But federal employees, like many other workers, do get Monday, Feb. 17, 2020 off.
A quick look at the Office of Personnel Management’s official list of federal holidays for 2020 finds one that falls on Monday, Feb. 17. But it’s not Presidents’ Day.
As longtime federal employees surely know by now, the holiday that is celebrated on the third Monday in February is Washington’s Birthday.
That’s been true since 1971, when Congress moved to standardize certain federal holidays to fall on Mondays and provide workers across the country with three-day weekends. Washington’s actual birthday, Feb. 22, had been celebrated as a national holiday since 1879. (By the way, the National Archives notes that “federal worker absenteeism” on key dates such as New Year’s Day, Independence Day and Thanksgiving led Congress to create federal holidays in the first place.)
Rep. Robert McClory, R-Ill., who pushed the legislation enacted in 1968 to celebrate some federal holidays on Mondays, also proposed changing the name of Washington’s Birthday to Presidents’ Day. And he strategically picked a date that would fall near both Washington’s birthday and that of Illinois native son Abraham Lincoln. But the idea of forcing Washington to share his day of honor with all other presidents fizzled in the face of widespread opposition on Capitol Hill.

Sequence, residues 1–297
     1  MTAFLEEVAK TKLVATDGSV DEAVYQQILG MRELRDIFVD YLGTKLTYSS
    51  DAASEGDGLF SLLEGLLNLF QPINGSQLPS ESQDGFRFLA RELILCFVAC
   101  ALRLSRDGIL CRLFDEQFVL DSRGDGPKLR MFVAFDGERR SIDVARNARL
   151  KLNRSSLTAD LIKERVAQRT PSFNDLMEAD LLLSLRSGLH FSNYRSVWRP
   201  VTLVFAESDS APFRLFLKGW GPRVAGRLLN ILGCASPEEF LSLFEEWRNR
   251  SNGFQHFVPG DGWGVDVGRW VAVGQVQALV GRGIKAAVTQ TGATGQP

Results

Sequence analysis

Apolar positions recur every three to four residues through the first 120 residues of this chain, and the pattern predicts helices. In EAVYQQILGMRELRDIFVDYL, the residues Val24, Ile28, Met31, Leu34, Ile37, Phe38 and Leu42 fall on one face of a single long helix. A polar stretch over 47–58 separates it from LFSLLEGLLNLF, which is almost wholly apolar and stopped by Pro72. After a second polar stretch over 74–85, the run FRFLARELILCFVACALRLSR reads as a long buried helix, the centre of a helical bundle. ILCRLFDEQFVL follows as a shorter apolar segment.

"It was the collective judgment of the Committee on the Judiciary," said Rep. William Moore McCulloch, R-Ohio, "that this would be unwise. Certainly, not all presidents are held in the same high esteem as the father of our country. There are many who are not inclined to pay their respects to certain presidents.”
But McClory got the last laugh. Most everyone refers to the holiday as Presidents’ Day now (seen any Washington’s Birthday mattress sales lately?), and many states recognize it as such.
And in a final ironic twist, the federal Washington’s Birthday holiday can never fall on Washington’s actual birthday, because Feb. 22 never falls on the third Monday in February.